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VUSE Closes Out the Year in Award-Winning Style

Posted by on Friday, May 25, 2012 in Academic Life, School of Engineering, Uncategorized, Vanderbilt Computer Science.

Vanderbilt engineering students display their research at Senior Design Day 2012

Cornelius Vanderbilt acquired many unofficial titles throughout his career before offering the million-dollar gift that would be the birth of Vanderbilt University.  To the world he was known as a businessman and one of the wealthiest Americans in history.  To the city of Nashville he was known as a great philanthropist and champion of education.  To his friends he was known as “Commodore.”  As a master of steamboat design at the naissance of steamboat technology, he also rightfully earned the title of engineer.

Over a century after Cornelius’ death, the Vanderbilt School of Engineering still maintains the spirit of innovation, collaboration, and exploration embodied by the historical figure after whom our university was named.  Each year, engineering students and faculty break new ground in research and extend their resources beyond campus and into the global community.  This year was no different; in fact, the 2011-12 school year ended with quite a bang.

On April 19, senior engineers participated in the school’s annual Senior Design Day, which serves as the grand finale of each graduating student’s year-long design course.  The students are assigned to team-based projects; receive project constraints, budgets, and deadlines; and are encouraged to pursue interdisciplinary collaboration.  Every project must fulfill one basic requirement: It must solve a real world problem.  Sponsoring groups and corporations bring these problems to the table, and students work throughout the year to create high quality solutions.  Each team presents a functioning prototype and demonstration at the yearend Design Day.

This year, sponsors included the American Society of Civil Engineers, the Environmental Protection Agency, NASA, Nissan, the Tennessee Department of Transportation, and various medical departments on Vanderbilt’s campus.  The projects spanned all engineering departments and demonstrated creative solutions to a variety of design problems, including: limited wheelchair functioning, the unstable foundation of a medical office building, inefficient traffic flow, the need for a non-invasive way to measure a child’s internal brain temperature, and much more.

Senior design team members at a national expo in DC

The members of one senior design team took their prototype to the National Sustainable Design Expo in Washington, D.C. and received high awards for their project’s potential.  Eric Dilbone, Phil Ingram, Trevan Locke, Paul McDonald, and Jason Ogg created a biohybrid solar panel that uses a protein found in spinach in place of high-cost silicon wafers.  The design won the Marketplace Innovation and Student Choice awards, as well as a $90,000 grant from the Environmental Protection Agency to further develop the design, implement it in the field, or bring it to the marketplace.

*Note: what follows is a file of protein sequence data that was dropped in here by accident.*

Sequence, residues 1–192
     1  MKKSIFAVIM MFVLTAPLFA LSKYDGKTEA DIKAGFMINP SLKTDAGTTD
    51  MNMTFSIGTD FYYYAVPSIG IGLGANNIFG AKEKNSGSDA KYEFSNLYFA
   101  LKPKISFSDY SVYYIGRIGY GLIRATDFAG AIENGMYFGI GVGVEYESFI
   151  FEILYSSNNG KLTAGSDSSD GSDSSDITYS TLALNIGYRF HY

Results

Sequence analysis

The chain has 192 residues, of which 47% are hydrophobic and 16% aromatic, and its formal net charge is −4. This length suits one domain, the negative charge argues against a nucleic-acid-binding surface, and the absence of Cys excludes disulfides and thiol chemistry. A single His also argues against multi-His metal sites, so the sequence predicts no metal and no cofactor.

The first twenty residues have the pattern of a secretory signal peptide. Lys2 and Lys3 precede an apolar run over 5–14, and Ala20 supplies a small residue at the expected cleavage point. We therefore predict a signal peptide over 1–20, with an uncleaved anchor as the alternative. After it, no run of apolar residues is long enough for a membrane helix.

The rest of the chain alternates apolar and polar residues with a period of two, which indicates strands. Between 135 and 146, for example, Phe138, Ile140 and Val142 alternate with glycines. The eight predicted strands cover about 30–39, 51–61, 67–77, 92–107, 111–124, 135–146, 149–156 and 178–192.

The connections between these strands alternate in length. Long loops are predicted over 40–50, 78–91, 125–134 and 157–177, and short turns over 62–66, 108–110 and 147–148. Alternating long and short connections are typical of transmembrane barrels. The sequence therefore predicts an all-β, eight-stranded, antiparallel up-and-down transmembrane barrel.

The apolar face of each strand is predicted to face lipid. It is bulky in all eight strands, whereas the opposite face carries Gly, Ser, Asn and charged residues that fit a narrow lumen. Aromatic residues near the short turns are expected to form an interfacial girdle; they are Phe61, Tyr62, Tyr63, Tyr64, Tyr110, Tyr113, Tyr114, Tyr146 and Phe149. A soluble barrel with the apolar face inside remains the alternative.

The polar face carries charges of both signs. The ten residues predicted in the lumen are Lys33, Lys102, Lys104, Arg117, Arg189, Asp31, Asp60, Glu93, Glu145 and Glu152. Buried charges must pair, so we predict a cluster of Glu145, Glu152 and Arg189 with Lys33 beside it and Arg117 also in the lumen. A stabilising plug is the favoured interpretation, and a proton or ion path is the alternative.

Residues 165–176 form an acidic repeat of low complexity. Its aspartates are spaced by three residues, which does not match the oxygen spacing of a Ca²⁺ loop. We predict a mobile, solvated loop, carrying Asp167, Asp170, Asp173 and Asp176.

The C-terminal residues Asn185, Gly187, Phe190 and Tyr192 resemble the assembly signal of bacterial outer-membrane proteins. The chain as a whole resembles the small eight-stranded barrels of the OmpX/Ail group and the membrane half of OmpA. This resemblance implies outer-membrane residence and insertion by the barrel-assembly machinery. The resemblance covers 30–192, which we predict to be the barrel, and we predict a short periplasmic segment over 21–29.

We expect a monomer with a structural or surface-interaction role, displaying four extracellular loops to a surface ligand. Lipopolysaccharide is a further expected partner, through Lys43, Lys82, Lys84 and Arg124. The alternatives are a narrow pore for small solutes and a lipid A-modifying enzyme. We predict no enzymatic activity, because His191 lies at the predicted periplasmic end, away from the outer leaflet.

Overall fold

In part due to Vanderbilt’s comprehensive core curriculum, even our engineering students know that “no man is an island” — neither does any one academic field reach its full potential without other sources of input.  On April 22, the Vanderbilt Aerospace Club competed in NASA’s annual University Student Launch Competition in Toney, Alabama.  The group won the Best Payload Design award for the third straight year, as well as a new distinction, the Educational Engagement Award.  The latter was awarded for a collaborative initiative between the School of Engineering’s Aerospace Club and the Peabody College of Education and Human Development’s Department of Teaching and Learning.  The team worked under faculty leadership in both schools to create and execute a bottle rocket-building STEM unit that was presented in three of Nashville’s most under-served middle schools.

While the School of Engineering maintains a student-centered focus that can be seen echoing across the entire campus, we would be remiss not to mention the accomplishments of its faculty and administrative leaders as well.  Kenneth Galloway, Dean of the School of Engineering and Vanderbilt alum, has been named president-elect of the American Society for Engineering Education.  Having served on the ASEE Deans Council and Board of Directors, he will officially assume the presidency in June 2013.

These notable accomplishments, while worthy endings to another remarkable school year, are truly just the beginning for the students who achieved them and the school that fostered them.  To the graduating seniors taking their innovation, collaboration, and exploration out into the world, to the underclassmen who will be returning to continue their endeavors in the fall, and to the entering freshmen just waiting to jump in with both feet – we can’t wait to see what’s next.

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